Species at risk that we protect

At the moment, there are 91 species at risk or of special concern along the Mille Îles River. We have projects targeting the following species:

 

  • Northern pike: With some 700 teeth, these fish are known as “freshwater sharks.”
  • Beaver: Like engineers, they build dams to raise the water level, making it easier for them to fetch their food and giving them access to their lodges year round.
  • Sunfish: These brightly coloured fish are popular with anglers.
  • Fragrant water lily: These showy plants have sweetly scented, delicate white or pink flowers.
  • Gray treefrog: Their dark spots make them look a bit like leopards.
  • Common garter snake: These snakes sport different colours and may have yellow, orange, red, greenish or bluish stripes or even a checkerboard pattern. Like all garter snakes in Quebec, they are not poisonous. 
  • Western osprey: Because these powerful raptors dive nimbly from high in the air and disappear briefly underwater, emerging with their prey, they are also called “fish hawks.”
  • Eastern painted turtle: These are the most commonly seen turtles in the Park, especially on sunny days, when they sun themselves on rocks or tree trunks emerging from the water.
  • Great blue heron: These tall wading birds are the emblem of the Parc de la Rivière-des-Mille-Îles. You’re almost guaranteed to see one of them when out on the river.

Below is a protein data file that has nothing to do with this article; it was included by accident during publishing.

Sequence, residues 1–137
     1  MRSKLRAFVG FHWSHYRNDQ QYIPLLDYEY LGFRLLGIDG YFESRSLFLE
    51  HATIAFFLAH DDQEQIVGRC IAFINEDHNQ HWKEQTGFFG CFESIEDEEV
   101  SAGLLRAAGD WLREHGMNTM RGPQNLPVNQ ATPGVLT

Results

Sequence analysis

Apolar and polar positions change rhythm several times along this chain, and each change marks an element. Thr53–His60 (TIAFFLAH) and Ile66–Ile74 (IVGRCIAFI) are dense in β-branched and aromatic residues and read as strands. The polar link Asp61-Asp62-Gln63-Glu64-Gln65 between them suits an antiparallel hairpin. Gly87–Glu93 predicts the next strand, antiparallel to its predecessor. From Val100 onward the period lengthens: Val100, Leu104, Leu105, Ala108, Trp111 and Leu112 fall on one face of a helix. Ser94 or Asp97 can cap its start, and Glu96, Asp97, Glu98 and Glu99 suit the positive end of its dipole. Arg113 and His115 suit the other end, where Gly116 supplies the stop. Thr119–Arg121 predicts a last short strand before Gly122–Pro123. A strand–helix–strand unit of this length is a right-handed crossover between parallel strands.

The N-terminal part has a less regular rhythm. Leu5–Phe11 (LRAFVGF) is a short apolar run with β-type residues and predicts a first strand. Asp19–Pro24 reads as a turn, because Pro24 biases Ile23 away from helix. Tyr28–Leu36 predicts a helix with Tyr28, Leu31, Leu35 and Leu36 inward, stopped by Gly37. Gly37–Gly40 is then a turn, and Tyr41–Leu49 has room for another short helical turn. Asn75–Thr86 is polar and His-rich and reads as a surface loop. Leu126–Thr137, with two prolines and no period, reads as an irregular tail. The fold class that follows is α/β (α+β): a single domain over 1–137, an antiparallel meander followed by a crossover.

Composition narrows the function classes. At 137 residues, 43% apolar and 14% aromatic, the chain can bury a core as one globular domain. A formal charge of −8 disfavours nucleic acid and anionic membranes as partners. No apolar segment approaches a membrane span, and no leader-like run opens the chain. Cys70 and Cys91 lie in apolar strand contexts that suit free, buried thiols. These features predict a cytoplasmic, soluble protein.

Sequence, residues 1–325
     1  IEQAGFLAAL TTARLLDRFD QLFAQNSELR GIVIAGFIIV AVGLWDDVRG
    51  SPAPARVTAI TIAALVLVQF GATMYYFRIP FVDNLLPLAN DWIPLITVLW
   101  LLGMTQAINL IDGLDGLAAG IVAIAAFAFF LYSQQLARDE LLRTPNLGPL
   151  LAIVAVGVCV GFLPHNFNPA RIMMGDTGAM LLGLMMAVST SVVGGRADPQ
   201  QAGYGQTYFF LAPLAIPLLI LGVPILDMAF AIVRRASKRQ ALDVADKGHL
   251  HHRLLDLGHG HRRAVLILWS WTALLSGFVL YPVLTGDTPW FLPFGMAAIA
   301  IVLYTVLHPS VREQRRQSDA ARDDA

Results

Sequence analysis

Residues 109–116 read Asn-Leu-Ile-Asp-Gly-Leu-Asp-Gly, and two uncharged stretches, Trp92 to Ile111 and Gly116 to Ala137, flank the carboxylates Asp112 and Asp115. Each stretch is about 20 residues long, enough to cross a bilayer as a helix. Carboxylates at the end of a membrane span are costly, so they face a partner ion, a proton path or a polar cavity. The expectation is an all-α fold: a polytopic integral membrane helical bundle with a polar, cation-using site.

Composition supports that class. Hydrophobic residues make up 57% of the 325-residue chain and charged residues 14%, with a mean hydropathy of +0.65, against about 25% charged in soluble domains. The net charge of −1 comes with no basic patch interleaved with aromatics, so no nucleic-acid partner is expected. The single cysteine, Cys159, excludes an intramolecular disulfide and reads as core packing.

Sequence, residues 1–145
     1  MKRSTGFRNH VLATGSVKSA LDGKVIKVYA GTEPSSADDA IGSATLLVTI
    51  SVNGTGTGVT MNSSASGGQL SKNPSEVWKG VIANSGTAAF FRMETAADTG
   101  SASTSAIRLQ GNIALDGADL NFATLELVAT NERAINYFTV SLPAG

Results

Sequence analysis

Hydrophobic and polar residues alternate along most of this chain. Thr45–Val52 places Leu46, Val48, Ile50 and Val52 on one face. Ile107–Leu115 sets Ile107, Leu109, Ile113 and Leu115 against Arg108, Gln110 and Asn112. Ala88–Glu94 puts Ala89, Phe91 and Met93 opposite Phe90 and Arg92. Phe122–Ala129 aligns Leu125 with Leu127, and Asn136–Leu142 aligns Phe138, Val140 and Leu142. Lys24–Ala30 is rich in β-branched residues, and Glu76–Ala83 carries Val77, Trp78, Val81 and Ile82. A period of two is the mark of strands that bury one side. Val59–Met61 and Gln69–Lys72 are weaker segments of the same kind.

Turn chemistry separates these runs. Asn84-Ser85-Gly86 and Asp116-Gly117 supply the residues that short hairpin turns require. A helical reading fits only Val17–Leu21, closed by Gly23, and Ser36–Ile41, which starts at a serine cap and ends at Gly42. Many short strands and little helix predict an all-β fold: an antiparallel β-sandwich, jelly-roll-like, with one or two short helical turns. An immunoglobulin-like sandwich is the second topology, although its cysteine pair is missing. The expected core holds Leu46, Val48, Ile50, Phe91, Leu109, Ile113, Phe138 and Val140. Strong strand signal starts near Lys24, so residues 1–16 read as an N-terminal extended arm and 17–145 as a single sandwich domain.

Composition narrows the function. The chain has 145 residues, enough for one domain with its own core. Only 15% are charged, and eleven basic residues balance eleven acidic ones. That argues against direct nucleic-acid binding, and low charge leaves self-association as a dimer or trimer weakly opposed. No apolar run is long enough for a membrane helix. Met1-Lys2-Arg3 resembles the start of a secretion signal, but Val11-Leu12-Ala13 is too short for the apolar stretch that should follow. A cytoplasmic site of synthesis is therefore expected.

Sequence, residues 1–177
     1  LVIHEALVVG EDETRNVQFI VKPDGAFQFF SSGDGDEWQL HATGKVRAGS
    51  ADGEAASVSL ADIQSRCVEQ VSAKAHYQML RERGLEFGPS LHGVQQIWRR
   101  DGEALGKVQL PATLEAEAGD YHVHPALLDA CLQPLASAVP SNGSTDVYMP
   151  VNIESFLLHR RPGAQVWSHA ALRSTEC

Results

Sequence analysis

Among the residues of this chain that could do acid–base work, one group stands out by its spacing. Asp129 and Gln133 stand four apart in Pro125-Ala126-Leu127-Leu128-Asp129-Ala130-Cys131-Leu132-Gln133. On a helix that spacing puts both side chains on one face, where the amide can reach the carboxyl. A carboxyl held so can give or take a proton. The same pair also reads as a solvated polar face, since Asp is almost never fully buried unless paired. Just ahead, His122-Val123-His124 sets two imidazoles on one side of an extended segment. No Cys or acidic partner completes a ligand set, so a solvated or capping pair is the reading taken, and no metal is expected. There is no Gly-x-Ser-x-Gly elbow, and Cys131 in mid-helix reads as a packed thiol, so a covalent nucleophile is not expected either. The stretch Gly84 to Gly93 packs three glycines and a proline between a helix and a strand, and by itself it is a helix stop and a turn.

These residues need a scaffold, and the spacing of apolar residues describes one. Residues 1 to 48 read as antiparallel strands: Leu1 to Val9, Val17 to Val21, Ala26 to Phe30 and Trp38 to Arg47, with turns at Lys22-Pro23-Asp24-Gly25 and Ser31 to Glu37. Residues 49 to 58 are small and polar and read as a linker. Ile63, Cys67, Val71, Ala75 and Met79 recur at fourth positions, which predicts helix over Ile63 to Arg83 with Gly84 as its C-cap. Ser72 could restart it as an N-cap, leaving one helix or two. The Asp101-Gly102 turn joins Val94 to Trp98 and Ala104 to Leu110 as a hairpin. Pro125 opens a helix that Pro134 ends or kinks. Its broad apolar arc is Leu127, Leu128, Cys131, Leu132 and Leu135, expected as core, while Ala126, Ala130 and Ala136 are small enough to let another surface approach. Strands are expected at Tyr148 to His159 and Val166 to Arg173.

• Tree swallow: These birds flit about feeding on insects they catch in the air. They appreciate the nesting boxes provided for them. Install your own nesting box for a pair and make your own natural insect trap!
  • Wood duck: These ducks nest in holes in hollow trees or in the wooden nesting boxes installed in trees by Éco-Nature.
  • Muskrat: These rodents slow their heart rate and relax their muscles when they dive, allowing them to stay underwater for more than 15 minutes.
  • Swamp smartweed: When in bloom, these shoreline plants turn the riverbanks bright candy pink. The stands they form provide shelter and food for many different animals.
  • Dragonfly: They may look delicate, but some species can reach up to 70 km/h in flight and cover thousands of kilometres when migrating.
  • Yellow walleye: These fish with their flavourful flesh are highly popular with anglers on the Mille Îles River. 
  • Bullfrog: The largest frogs in North America, they have such a loud call that a chorus of several individuals can be heard from half a kilometre away.
  • Black-crowned night heron: To avoid competing with great blue herons that feed in the same habitat, these birds hunt by night while great blue herons are sleeping.